This article was originally published in 2016 and didn’t appear on my blog until now.

(Bonn, 05.08.2016) Within the framework of a meeting at Oxford of the Religious Liberty Partnership, a network of global NGOs advocating religious freedom, leading academics have discussed how the question of the infringement of religious freedom is treated so much as an afterthought within academic research.

From the left: Prof. Douglas Bandow, Prof. Roger Trigg, Prof. Nazila Ghanea, Prof. Thomas Schirrmacher

The Director of the International Institute for Religious Freedom criticized that even at those locations where the topic is addressed academically, it is mostly only discussed theoretically. Seldom is the true local situation the subject of investigation. This applies not only when it comes to law, sociology, and the study of religion. Rather, it also applies to Christian theology, which in his view mostly treats the topic as an afterthought in dogmatics, church history, and practical theology.

The discussion was held between Schirrmacher and the following scholars:

  • Prof. Dr. Douglas Bandow, Senior Fellow at the Cato Institute, a libertarian think tank located in Washington, D.C., who worked as a Special Assistant to the US President and conducts research on military non-interventionism and the relationship between religion and politics.
  • Prof. Dr. Roger Trigg, Senior Fellow at the Ian Ramsey Centre of St. Cross College at the University of Oxford as well as an Associate Scholar within the framework of the Religious Freedom Project at Georgetown’s Berkley Center in Washington, D.C.; from 2008 to 2010 he was President of the European Society for Philosophy of Religion, which conducts research on the relationship between religion and politics, and between science and the public sphere.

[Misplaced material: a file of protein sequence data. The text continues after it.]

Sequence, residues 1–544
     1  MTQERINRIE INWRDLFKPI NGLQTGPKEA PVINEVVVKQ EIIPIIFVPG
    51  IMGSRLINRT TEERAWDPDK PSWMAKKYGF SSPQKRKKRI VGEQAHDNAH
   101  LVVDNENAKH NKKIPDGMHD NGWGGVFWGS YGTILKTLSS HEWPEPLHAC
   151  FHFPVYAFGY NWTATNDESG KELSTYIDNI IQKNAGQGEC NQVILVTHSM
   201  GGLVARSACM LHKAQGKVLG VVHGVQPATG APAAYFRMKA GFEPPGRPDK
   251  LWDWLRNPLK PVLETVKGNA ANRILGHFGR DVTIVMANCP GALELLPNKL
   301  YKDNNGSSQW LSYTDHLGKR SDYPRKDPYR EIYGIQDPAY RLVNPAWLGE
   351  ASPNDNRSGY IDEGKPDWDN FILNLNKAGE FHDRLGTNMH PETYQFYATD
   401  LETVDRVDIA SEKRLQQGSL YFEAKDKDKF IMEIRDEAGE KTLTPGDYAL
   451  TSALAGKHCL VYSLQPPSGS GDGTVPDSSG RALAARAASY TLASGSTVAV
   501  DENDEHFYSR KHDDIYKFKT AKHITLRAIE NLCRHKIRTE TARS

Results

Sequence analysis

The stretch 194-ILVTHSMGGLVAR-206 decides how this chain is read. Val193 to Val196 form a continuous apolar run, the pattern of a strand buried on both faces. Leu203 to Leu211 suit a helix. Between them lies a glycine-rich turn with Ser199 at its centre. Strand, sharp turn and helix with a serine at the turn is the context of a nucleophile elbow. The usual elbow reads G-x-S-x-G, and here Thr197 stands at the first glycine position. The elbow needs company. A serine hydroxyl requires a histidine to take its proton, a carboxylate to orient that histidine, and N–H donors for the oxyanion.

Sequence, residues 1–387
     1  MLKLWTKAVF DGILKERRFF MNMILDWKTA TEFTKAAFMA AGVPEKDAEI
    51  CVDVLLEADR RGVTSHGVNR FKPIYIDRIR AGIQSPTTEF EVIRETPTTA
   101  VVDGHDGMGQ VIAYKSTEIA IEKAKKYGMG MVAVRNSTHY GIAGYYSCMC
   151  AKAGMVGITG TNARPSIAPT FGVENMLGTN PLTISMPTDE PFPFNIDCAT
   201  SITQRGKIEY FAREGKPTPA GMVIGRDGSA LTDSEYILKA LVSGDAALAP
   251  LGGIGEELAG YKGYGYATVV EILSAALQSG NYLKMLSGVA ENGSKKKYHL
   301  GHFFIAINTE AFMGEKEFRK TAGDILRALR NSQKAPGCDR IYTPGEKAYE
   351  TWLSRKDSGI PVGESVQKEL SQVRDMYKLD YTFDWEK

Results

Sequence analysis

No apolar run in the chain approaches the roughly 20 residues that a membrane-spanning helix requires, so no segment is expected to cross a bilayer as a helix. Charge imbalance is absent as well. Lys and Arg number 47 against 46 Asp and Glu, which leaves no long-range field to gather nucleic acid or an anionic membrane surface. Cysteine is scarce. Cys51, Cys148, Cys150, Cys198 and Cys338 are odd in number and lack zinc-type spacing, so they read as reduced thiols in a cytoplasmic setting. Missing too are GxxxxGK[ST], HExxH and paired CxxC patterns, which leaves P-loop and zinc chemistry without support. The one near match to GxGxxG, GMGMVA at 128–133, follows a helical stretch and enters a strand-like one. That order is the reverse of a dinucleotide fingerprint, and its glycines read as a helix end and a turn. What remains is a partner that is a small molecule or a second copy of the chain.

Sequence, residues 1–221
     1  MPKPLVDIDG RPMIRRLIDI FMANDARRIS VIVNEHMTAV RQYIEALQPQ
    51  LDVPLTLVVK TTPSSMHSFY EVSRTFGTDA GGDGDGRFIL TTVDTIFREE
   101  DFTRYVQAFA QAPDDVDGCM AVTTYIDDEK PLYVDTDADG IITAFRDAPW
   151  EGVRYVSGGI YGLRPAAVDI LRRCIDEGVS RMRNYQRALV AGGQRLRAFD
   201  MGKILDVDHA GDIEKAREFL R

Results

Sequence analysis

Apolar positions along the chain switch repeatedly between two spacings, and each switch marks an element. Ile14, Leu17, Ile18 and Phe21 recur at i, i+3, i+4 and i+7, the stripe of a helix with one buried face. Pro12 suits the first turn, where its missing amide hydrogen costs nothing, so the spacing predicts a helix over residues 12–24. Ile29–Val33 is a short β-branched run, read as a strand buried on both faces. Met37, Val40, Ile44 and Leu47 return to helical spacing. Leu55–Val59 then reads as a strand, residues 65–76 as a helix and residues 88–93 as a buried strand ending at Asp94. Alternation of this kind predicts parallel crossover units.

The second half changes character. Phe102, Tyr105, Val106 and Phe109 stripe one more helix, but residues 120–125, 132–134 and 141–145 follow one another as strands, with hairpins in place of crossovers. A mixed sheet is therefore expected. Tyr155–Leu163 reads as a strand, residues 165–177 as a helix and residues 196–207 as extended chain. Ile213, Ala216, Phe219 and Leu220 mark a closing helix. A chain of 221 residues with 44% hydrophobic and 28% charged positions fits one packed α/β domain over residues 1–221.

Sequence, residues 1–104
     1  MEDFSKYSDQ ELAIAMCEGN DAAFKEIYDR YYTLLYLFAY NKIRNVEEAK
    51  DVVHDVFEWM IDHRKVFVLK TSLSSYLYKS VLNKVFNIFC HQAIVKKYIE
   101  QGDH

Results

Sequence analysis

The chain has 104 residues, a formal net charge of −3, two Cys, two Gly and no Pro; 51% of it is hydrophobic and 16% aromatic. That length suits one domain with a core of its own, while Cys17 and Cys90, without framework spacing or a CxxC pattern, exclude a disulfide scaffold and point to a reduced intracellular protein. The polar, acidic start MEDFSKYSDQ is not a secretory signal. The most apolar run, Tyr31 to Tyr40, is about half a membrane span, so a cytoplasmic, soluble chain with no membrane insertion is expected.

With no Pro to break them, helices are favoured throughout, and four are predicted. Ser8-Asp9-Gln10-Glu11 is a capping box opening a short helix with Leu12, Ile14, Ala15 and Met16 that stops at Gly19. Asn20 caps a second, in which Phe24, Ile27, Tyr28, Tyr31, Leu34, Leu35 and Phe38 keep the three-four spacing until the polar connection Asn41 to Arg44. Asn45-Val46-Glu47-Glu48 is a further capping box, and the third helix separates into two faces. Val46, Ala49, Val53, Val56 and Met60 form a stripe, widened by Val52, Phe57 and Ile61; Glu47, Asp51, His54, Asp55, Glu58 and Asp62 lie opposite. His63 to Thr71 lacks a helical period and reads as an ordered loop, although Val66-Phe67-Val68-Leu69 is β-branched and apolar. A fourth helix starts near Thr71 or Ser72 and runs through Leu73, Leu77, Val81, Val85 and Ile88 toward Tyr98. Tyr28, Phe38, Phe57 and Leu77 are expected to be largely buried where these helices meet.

• Prof. Dr. Nazila Ghanea, a British Lecturer for International Human Rights Law at University of Oxford, who works as an adviser in questions relating to human rights for a number of governments as well as the UN, UNESCO, the OSCE, and the EU and conducts research on religious freedom, freedom of expression, women’s rights, minority rights, and human rights in the Near East and the Middle East.

Also present for the discussion were leading British proponents of the topic in government and Parliament, namely The Baroness Elizabeth Rose Berridge, who has been in the House of Lords since 2011 and is responsible for the network of 67 British parliamentarians for religious freedom, and the diplomat Sue Breeze, who was most recently the Deputy Ambassador in Venezuela and is now a team leader in the Foreign and Commonwealth Office in London with the task of protecting and promoting religious freedom, at the same time in association with other equal rights, at all levels for the British executive branch.

The Coptic General Bishop of Great Britain, Anba Angealos, and the Co-Director of the International Institute for Religious Freedom, Prof. Dr. Christof Sauer, were also among the participants.

 

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